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Lithium-ion batteries have been offering effective added value for several years now. With high energy density, low weight, and a comparatively long service life, these batteries have become popular energy storage devices in a wide range of applications spanning from mobile devices to electric vehicles.
While incredibly effective, lithium-ion batteries do contain certain raw materials that can be potentially harmful to the planet. For this reason, the proper disposal of lithium-ion batteries and the recycling of their components is incredibly important. In our guide, you can learn more on lithium-ion battery disposal regulations, potential hazards to look out for and what needs to be considered when it comes to effective disposal and recycling.
Lithium-ion battery disposal: hazards to watch out for
There are several reasons why lithium-ion batteries should not simply be disposed of with household waste or with other operational waste. One of the most important reasons being safety: the lithium contained inside these batteries is very reactive — especially when in contact with water or when the ambient temperature is too high.
If water penetrates a lithium-ion battery that has not been disposed of in accordance with government regulations, or if a thermal runway occurs due to overheating, the result is a lithium fire that is extremely difficult to extinguish. In the process, the fluorine- and phosphorus-containing conductive compounds of the batteries can release gaseous toxins. These pose a danger to humans, animals, and the environment. For this reason, disposal regulations for lithium-ion batteries must be strictly adhered to. This is true, not only for disposal but also for the storage of lithium-ion batteries.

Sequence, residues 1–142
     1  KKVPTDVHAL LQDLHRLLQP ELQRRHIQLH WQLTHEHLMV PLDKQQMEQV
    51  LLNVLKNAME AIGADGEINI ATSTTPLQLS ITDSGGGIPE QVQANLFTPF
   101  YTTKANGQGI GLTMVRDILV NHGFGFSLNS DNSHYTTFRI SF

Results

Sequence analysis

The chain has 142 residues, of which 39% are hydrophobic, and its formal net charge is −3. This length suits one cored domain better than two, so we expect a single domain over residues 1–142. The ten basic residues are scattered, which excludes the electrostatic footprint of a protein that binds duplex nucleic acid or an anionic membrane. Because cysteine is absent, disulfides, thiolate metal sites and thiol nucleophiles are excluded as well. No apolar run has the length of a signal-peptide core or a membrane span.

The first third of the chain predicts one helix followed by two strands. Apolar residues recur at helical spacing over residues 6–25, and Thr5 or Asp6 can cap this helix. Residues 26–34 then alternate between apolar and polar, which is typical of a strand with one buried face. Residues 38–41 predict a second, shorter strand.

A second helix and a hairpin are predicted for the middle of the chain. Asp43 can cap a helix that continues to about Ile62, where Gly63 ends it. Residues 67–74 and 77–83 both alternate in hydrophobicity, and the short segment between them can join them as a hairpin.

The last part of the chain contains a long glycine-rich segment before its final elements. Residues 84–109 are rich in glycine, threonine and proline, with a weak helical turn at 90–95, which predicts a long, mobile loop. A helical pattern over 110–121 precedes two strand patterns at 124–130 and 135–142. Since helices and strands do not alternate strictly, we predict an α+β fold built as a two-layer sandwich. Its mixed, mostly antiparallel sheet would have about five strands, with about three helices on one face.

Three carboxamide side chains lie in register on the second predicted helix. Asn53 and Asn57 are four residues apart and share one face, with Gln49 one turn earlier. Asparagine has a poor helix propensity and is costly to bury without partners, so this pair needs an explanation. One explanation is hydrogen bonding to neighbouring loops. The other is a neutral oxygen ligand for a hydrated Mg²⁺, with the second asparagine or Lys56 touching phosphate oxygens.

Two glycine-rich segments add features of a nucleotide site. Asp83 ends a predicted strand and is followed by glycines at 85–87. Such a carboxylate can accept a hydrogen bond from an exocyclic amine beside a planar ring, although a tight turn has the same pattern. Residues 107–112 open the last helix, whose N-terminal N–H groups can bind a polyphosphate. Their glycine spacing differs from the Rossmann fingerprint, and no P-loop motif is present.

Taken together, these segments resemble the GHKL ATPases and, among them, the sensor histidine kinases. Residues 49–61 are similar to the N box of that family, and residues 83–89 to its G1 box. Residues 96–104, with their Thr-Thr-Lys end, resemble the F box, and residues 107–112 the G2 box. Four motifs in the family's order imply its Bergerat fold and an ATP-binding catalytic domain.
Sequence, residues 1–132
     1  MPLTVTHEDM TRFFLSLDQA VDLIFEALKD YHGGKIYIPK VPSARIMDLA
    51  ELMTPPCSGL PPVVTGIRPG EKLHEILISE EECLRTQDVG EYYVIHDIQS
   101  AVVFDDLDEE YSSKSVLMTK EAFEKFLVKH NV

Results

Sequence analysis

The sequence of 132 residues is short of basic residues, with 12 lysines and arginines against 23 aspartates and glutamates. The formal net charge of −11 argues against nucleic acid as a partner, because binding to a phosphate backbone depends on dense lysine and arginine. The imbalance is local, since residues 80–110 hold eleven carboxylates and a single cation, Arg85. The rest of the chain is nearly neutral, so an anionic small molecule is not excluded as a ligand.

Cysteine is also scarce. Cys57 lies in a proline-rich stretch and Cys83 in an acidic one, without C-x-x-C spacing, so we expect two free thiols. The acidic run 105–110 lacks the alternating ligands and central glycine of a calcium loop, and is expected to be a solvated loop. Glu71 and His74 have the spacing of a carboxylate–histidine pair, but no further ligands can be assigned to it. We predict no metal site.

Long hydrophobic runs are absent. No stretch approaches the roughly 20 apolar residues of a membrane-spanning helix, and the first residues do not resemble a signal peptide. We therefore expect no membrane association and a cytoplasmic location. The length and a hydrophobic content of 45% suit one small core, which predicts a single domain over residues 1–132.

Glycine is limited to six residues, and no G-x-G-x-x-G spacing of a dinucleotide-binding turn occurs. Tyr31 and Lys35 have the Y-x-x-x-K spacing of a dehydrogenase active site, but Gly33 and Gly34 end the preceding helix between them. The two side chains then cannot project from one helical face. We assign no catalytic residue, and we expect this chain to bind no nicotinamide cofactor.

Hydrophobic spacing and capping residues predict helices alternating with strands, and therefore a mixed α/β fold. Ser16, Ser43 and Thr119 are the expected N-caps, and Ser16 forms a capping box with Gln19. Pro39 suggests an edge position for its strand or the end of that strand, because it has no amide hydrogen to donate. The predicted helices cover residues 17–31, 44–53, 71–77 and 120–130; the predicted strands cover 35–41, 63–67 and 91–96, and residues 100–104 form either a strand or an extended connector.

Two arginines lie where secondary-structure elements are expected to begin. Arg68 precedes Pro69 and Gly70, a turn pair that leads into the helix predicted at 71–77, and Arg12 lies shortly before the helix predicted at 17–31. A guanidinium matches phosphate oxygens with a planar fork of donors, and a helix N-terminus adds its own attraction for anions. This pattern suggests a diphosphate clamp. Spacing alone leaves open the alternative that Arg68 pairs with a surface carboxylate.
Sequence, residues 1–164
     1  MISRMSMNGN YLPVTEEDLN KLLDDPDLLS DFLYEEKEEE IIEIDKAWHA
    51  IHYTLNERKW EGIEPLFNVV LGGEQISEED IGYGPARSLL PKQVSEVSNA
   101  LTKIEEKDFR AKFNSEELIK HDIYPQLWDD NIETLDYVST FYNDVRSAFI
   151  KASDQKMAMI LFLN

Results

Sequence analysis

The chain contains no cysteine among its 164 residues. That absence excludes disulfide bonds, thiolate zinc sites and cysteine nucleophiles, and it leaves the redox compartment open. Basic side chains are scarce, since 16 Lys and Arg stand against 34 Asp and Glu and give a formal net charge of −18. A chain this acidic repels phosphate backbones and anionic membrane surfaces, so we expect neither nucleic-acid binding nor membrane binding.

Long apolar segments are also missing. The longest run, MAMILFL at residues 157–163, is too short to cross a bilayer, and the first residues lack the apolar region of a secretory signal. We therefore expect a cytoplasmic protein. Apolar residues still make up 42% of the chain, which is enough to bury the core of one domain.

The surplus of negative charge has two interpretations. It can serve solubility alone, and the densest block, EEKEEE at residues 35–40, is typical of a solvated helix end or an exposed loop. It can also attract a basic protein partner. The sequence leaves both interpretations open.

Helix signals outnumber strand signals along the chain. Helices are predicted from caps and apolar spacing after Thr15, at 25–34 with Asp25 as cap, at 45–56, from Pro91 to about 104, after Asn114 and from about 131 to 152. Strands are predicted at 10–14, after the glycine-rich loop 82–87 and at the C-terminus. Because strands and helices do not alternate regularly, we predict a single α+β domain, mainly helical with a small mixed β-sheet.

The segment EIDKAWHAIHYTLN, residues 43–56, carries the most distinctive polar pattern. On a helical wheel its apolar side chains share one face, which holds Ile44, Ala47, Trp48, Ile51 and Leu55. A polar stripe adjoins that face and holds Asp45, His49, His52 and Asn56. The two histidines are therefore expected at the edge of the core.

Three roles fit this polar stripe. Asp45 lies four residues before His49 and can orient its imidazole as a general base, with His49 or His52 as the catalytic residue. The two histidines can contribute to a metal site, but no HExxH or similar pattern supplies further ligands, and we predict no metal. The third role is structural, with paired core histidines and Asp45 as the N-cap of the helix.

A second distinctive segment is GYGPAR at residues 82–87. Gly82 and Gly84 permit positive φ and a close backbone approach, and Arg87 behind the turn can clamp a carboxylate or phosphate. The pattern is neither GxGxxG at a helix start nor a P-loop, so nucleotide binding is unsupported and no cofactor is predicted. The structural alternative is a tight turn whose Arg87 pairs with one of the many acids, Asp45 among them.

Who is responsible for the disposal and recycling of lithium-ion batteries?
Lithium-ion batteries can be disposed of in collection boxes at retailers where electronic devices are sold, at recycling centres, or at the take-back points of the manufacturers themselves.
Additionally, batteries can also be disposed of in boxes provided for this purpose or at local waste management companies. The website, RecycleNow, provides general information on the disposal of batteries for those living in the UK; however, for detailed disposal regulations on lithium batteries, it is best to contact your local council.
In the UK, distributors and retailers that sell or supply more than 32kg of batteries per year must participate in the take-back scheme. This means they must provide a free collection point for batteries at their premises.
For businesses working with batteries on an industrial scale, it might be worthwhile to consider working directly with one of the many specialist recycling and disposal centres operating across the UK. They may be able to negotiate an agreement with you when it comes to disposal and recycling processes.
Please note: It is not safe to send damaged lithium-ion batteries for disposal by post. If you think a battery might be damaged, consider bringing it to a processing centre directly. Signs of damage include overheating, leaking battery fluid or expansion/inflation of the battery.
Disposing of lithium-ion batteries of different sizes
Lithium-ion batteries weighing less than 500 grams
Lithium-ion batteries weighing under 500 grams can usually be found in standard smartphones and other small electronic devices (smartphone batteries typically weigh about 100-120 grams). Before disposing of lithium-ion batteries weighing less than 500 grams, tape over the terminals to prevent a short circuit, then pack the batteries in a plastic bag and return them to the retailer or manufacturer for disposal.
Lithium-ion batteries weighing more than 500 grams